OK. Thanksgiving's behind us, the 91% of the workforce with jobs are back to work, and in DC at least, there's a sense of "what happens next?" in the air.
Here's one man's answer:
Anatomy of a failure: It would be a pleasure to never hear the words "super" and "committee" in the same sentence again for a while but I'm afraid it's actually important to review what happened. The "both sides are to blame" meme is irresistible but doesn't hold up to even casual scrutiny. The Democrats on the committee went deep into Republican territory with spending cuts, putting hundreds of billions of cuts in Medicare and Medicaid on the table, and asked for less revenue in exchange than they should have. But the Republicans wouldn't really budge on taxes and that queered the deal from the start. (Their latest retort: "you can't raise taxes in a recession... even the president has admitted that"... is nonsense. This is a ten year deal, one that could easily have the tax increases phase in later.)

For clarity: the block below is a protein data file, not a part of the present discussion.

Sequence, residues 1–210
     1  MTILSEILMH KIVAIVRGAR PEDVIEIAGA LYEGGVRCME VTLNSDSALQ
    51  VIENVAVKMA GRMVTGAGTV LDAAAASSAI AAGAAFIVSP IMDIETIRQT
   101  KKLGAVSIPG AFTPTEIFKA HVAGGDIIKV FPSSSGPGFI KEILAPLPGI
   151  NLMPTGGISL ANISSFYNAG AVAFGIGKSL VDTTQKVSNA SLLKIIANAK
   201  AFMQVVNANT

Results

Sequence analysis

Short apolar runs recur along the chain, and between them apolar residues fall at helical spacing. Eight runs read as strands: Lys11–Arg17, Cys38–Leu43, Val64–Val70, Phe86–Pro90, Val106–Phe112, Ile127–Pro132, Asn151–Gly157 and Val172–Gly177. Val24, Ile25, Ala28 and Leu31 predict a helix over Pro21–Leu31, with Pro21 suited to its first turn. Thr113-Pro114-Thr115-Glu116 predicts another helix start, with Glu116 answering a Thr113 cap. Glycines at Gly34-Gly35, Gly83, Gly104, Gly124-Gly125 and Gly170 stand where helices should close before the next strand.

I'm really not sure how this story gets told and who'd even want to hear it. But it needs to get out there.
Where's POTUS? The president should not, in my opinion, take any heat at all for not playing along in the deficit reduction follies going on in Congress. The Republicans have made in clear that if he's for it, they're agin' it and I don't see what's gained for him getting burned again by them. If I thought his involvement would contribute to a more positive outcome, I'd argue differently, but I don't.
He needs to be doing whatever he can to either give the economy the lift it needs, or explain to the electorate why he's unable to do so. More on that below.
Republicans on parade: The weekly beauty contest has to end soon and a front-runner will likely emerge before long. At that point, things get ugly.
Slugfest: If Tolstoy had been a political consultant, he might have written, "Every happy election strategy is unique; every unhappy election strategy is the same: start negative and go down from there."
At 9% unemployment, the opposition's hand is dealt -- they'll obviously run against the incumbent's record.